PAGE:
Monday, March 11, 2013

Life Lessons

Do you have moments from your life that haunt you?  A moment of regret?  Something you wish you hadn't done or said and that you cannot take back ever with no amount of forgiveness?

I have one.  I probably have many more but as I was quietly listening this morning for inspiration of what to write, I heard Amy Weston.  I can see the moment in time when I said it, where I was, what I was doing.  And now I think I might see God's hand in it.

When I was, let's say, 8 years old, my best friend was Amy Weston.  My mom, for some reason, looked down at the Westons.  I'm sure she made comments that make me think this.  I thought the Westons were the coolest family ever.  Amy was an only child and she was showered with love.  They had a baby blue VW bug convertible and we would drive to the beach for the day in it.  I loved the feel of the wind in my hair and the towel flapping in the breeze.  Oh how I loved Amy and her family!

During the winter, Amy and I took an art class together at the local community college.  I remember melting crayons to make pictures--fire and melted wax--it doesn't get much better than that!  Then we took an acting class.  I can't imagine that I loved it but she was in it and so was Linda F.  When it was time to resign up, my mom said that Amy couldn't do both because her family couldn't afford to do both.

Saturday morning came and Amy and I were helping my mom with the Altar Guild (I was an expert at dressing the chalice).  I can see me walking down the aisle toward the front of the church where my mom was decorating with greens (must have been Advent :).  I said, "Amy my mom says that you can't take art class and acting class because your parents can't afford it.  Isn't that stupid?"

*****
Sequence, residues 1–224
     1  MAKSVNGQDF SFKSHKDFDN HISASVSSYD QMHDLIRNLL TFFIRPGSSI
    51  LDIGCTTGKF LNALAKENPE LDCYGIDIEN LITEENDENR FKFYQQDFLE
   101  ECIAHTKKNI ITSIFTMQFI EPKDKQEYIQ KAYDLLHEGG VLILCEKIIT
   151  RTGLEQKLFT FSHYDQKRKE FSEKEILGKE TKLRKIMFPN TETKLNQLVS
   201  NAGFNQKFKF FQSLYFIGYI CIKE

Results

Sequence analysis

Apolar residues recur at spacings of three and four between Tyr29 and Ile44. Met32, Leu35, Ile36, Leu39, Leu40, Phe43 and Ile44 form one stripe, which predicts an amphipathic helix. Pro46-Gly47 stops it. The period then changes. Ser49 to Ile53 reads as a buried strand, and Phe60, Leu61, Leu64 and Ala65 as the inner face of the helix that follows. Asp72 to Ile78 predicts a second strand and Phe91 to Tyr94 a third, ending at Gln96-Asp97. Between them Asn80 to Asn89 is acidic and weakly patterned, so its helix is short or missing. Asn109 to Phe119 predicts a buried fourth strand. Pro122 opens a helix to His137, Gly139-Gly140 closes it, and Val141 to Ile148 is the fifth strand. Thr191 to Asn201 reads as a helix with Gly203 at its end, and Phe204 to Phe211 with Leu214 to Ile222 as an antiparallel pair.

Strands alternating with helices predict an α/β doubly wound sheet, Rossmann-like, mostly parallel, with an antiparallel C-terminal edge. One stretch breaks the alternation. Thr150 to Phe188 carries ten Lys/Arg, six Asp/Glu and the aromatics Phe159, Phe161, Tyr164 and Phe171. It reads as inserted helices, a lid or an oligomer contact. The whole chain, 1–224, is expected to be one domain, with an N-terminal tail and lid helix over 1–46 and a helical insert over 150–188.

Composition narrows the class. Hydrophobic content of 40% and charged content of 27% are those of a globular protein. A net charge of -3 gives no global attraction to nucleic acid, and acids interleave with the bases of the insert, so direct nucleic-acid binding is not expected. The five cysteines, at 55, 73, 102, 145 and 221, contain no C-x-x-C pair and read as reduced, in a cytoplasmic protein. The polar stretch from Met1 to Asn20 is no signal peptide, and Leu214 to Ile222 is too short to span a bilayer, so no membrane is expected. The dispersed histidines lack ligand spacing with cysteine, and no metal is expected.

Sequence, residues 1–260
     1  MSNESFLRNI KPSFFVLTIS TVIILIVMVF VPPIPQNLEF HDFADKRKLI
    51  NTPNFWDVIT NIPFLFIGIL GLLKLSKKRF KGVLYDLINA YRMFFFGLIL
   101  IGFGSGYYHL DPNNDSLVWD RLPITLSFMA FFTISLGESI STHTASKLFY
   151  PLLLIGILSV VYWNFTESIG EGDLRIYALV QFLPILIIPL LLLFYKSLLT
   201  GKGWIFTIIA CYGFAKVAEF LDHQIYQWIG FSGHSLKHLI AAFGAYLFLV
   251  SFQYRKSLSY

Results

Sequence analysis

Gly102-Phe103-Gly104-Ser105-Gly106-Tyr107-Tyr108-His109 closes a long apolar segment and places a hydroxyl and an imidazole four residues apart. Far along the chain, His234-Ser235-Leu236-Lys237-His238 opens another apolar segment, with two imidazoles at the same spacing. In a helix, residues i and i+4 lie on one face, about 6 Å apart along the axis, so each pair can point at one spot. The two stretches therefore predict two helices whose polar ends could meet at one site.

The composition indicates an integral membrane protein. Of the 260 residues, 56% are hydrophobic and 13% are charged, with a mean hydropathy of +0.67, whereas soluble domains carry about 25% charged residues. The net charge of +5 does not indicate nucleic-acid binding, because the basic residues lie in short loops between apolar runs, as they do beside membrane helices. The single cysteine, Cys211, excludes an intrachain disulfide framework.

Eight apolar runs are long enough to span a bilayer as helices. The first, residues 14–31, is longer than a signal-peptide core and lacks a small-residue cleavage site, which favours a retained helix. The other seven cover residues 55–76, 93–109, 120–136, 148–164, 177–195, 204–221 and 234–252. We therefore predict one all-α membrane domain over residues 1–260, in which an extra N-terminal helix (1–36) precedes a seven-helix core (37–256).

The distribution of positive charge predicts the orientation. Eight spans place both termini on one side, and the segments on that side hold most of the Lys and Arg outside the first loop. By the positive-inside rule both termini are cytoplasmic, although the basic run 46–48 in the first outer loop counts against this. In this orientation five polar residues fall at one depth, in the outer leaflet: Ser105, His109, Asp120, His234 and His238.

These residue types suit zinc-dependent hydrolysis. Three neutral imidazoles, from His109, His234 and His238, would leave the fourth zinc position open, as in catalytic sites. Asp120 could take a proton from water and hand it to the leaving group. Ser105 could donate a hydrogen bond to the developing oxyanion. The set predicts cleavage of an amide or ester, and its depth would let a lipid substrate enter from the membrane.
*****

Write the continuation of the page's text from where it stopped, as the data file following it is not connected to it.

I cringe to this day.  My mom made some comment about how that's not what she meant, she meant everyone can't do everything.  Needless to say I did not get to do acting again!  Amy poor thing was dumbfounded.  I know what I said must have hurt her feelings and I never really found a way to apologize.  I can't help but think that I said what I said to be hurtful.  I think I was angry with my mom and wanted her to be humiliated and in the end I hurt my friend instead.

Amy moved to Richmond a couple years later.  I was devastated.  We wrote letters back and forth for a couple years, but we lost touch.

And I still feel really badly about that.  I can never change that it happened.

And I think that in some way it changed my path that day.  I think that many of the things I am today can be traced to that moment and moments like that--throughout my life.  I became a little more thoughtful, a little more humble, and hopefully a little more unselfish that day.

I wonder if Amy remembers that moment?

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